Transcript

Historical obligations

Janna Thompson
j.thompson@latrobe.edu.au

Audio

You can also listen to the interview [MP3 11.9MB].

iTunes

Visit this channel at La Trobe on iTunesU.

Transcript

Matt Smith:

Welcome to the La Trobe University Podcast. I would be your host Matt Smith, and joining me today is Associate Professor Janna Thompson from the Philosophy Program. Thank you for joining me, Janna.

Janna Thompson:

Yes, thank you.

Matt Smith:

Now, you're here today to talk to me about taking responsibility for the past. Can you tell me, what would you define as an historical obligation?

Janna Thompson:

Well, I think of historical obligation as being obligations in respect to things that were done before we were born or came of age as citizens. That is, things that other people, past people, in our community have done.

John Howard, when he was Prime Minister, the reason he gave for not apologizing to Aboriginal communities for past injustices to Aborigines, he said that he didn't think that people living now should have to take responsibility for what people in the past did. He didn't think that it made sense for a nation to apologize if a deed had been done by past people in the nation.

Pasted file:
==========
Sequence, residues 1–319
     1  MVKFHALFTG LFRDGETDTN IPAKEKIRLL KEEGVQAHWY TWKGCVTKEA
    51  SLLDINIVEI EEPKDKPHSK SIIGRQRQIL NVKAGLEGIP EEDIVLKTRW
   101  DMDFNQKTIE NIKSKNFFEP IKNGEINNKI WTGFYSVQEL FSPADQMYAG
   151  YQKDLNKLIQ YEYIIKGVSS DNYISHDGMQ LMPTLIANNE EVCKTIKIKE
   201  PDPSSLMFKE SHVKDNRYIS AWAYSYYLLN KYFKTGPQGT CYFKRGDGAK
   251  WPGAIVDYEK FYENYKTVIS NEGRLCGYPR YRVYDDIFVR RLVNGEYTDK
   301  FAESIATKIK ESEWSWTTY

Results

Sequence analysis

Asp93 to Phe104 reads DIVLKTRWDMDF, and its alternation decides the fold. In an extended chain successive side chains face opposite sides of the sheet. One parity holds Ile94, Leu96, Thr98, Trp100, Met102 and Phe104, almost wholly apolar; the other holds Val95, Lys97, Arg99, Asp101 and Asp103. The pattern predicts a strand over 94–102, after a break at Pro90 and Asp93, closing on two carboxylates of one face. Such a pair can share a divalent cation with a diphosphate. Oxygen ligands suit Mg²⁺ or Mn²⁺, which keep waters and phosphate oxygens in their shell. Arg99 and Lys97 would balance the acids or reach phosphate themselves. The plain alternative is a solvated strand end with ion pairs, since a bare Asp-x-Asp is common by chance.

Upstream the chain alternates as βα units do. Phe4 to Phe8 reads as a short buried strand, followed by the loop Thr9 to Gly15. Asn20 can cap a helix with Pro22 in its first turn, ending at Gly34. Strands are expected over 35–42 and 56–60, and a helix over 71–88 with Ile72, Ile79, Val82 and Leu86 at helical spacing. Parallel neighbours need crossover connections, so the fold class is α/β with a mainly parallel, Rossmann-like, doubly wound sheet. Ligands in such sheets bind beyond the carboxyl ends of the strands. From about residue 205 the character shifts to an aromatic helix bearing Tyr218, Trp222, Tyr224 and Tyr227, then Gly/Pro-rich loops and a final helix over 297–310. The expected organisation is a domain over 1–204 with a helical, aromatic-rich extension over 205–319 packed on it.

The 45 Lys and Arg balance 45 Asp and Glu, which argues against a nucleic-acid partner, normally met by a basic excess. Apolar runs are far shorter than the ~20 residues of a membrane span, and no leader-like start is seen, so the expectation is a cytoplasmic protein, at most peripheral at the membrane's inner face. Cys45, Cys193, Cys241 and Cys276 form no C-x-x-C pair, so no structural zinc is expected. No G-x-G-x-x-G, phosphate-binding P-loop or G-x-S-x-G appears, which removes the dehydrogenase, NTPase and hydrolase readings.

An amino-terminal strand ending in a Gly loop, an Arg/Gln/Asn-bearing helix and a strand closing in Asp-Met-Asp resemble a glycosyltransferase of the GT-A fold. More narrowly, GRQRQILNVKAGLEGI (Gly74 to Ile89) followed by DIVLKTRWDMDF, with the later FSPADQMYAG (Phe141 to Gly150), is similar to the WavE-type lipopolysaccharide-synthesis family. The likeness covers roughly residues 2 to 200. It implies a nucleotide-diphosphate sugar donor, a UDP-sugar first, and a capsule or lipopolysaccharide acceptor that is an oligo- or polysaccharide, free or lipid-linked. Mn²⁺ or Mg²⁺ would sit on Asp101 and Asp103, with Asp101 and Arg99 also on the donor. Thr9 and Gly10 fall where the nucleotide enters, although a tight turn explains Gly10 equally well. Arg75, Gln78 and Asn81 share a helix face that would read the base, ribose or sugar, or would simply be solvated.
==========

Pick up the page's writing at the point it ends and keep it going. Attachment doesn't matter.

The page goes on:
Matt Smith:

That was a very interesting kind of example because John Howard was very representative of a lot of Australians at that time. Is that kind of common with other countries as well?

Janna Thompson:

Well, I think there always is the question about what we have responsibility for. I mean, obviously none of us were responsible for the injustices that were done to Aborigines in past generations. And I think there's a very common idea of responsibility which philosophers have too; that in order to have any kind of responsibility, you have to have had some sort of causal role in the deed in question. You have to, maybe, play a role in the society. So, I assume Howard meant by his statement that we're really only collectively responsible as members of the nation for things that happened at least during our lifetime or presumably for the policies and the leaders that we voted for.